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16.09.2014 - Communication & Information Sector

Advancing excellence in the archives profession in the United Arab Emirates

Expert meeting on the establishment of an International Archives Centre of Excellence in the UAE, September 2014. © UNESCO

The United Arab Emirates (UAE) National Archives, in collaboration with the International Council on Archives (ICA), convened a two-day expert meeting, on 15 and 16 September 2014, in Abu Dhabi, to advise on the establishment of an International Archives Centre of Excellence in the UAE. Leading experts from UNESCO’s Memory of the World Programme, ICA, the International Records Management Trust, ARMA International, the Director-General of National Archives of Australia, the President of Portail International des Archives Francophone participated in the consultation.

The host of the meeting, Dr Abddulla El Reyes, Director General of the National Archives of the UAE, introduced the initiative in the context of the numerous challenges archives and archivists around the world are facing today, while addressing the complex issues inherent in the transition to a digital society.

The main objective of the future Centre is to advance the development of archival institutions and to contribute to the preservation of the world’s documentary heritage through research, education and training, public engagement and strategic international collaboration.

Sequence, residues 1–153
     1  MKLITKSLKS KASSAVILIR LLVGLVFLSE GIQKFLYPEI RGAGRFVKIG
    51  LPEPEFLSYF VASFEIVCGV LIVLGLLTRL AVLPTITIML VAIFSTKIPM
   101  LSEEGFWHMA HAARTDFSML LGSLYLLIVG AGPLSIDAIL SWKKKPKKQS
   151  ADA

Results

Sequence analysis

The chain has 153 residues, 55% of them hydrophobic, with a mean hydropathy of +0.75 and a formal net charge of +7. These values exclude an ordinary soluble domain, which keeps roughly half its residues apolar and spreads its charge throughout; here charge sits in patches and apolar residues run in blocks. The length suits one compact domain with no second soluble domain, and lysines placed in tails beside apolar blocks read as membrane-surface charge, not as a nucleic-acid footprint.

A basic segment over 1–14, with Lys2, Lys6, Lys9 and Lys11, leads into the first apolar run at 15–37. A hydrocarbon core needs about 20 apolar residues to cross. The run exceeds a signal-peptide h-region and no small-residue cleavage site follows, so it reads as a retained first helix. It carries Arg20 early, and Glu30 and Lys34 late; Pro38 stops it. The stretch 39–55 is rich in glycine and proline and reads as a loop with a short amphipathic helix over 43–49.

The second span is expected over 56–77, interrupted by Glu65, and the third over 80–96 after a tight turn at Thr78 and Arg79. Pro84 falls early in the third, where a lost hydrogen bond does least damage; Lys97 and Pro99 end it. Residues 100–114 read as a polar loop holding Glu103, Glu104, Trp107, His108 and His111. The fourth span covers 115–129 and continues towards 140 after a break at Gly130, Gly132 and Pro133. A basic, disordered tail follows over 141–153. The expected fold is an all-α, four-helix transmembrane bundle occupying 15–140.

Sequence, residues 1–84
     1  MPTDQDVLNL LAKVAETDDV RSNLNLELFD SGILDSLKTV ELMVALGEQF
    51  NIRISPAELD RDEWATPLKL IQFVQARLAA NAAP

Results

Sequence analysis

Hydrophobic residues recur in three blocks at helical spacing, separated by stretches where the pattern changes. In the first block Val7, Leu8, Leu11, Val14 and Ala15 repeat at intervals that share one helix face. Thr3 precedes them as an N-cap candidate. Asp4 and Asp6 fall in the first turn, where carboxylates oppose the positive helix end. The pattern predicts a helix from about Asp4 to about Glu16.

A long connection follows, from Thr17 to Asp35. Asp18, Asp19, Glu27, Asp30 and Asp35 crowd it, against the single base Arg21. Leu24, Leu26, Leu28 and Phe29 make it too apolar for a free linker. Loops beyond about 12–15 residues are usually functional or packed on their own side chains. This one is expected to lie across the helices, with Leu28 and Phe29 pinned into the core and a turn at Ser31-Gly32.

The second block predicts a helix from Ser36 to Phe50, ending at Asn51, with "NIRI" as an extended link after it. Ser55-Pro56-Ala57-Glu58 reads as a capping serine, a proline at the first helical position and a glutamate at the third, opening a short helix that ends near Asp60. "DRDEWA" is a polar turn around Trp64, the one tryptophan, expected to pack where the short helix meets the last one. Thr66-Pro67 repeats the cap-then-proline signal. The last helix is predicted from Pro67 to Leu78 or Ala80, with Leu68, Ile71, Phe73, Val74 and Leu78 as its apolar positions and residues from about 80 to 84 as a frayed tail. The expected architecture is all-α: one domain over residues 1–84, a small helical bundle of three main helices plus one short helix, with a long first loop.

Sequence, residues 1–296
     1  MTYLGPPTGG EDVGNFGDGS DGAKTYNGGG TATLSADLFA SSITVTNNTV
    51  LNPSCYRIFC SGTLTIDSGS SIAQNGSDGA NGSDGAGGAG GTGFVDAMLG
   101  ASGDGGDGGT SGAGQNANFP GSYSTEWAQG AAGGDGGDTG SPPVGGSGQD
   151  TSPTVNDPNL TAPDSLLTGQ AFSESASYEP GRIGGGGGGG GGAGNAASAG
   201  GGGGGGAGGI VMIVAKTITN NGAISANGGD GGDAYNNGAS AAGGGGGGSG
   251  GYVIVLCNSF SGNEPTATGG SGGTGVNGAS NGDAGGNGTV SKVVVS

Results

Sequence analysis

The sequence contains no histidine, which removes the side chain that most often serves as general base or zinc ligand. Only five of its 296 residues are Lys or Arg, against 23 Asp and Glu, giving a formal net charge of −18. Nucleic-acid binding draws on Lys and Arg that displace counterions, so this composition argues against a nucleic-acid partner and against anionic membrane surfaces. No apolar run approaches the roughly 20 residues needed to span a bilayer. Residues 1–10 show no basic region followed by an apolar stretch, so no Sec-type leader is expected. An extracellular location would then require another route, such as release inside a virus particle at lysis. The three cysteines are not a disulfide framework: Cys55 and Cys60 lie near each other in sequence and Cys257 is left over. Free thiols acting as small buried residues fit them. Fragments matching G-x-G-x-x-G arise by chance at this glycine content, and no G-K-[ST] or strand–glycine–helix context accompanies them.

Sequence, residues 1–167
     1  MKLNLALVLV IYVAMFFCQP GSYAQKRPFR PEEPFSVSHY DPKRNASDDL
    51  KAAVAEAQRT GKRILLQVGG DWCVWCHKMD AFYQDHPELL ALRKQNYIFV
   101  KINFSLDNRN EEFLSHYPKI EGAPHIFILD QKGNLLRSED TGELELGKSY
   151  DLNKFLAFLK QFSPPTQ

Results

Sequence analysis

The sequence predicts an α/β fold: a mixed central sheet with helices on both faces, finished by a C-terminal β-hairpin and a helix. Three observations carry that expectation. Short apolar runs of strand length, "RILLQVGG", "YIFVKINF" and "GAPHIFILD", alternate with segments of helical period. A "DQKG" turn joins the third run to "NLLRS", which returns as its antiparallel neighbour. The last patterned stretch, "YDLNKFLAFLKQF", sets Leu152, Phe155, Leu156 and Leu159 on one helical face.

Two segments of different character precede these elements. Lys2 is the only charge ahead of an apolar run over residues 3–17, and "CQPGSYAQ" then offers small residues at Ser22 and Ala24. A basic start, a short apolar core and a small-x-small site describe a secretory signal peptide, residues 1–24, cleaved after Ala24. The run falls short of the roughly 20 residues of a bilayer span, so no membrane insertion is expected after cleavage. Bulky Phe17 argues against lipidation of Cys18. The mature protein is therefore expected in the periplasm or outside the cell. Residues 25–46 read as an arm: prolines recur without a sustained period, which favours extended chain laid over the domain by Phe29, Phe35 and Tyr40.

The initiative has been inspired by several UNESCO documents, namely, the UNESCO Charter on the Preservation of the Digital Heritage (2003), the UNESCO Universal Declaration on Archives (2011), and the UNESCO/UBC Vancouver Declaration on Digitization and Preservation (2012).

Experts in the meeting unanimously emphasized the sense of urgency for the archival institutions, both government and private, to be better equipped to keep pace with modern electronic records and their rapidly evolving hardware and software, while addressing public demands for online access. In this regard, the growing need for well-trained archivists was stressed, as well as the need for access to best practices and learning opportunities in many developing nations. The necessity of preserving existing fragile paper, photographic, film, and other printed resources of enduring value, ensuring a long-term accessibility and usability was also raised during the debates.   

Further, experts discussed in detail, the mandate, the possible strategic priorities, the outreach, the governance and cooperation perspectives of the future Centre of Excellence.

The UNESCO representative, Ms Iskra Panevska, spoke of UNESCO’s flagship programme Memory of the World as an international collaborative effort, aimed at safeguarding, protecting and facilitating access to and use of documentary heritage, especially heritage that is unique and endangered. She evoked UNESCO’s standard-setting capacity and action in the implementation of international standards and highlighted the broader implications of violations of such standards on stability, recovery and development. In this context, Ms Panevska, referred to the most recent UNESCO programme of assistance to rebuild Mali’s cultural heritage and to safeguard its documentary heritage. She argued that enabling continuity of documentary heritage will support good governance and transparency, protect rights and contribute to building inclusive Knowledge Societies. In this sense, the proposed Centre of Excellence was deemed to be a very timely and useful initiative.

UNESCO established the Memory of the World Programme  in 1992, in response to a growing concern about the alarming state of the preservation of, and access to documentary heritage in the world.

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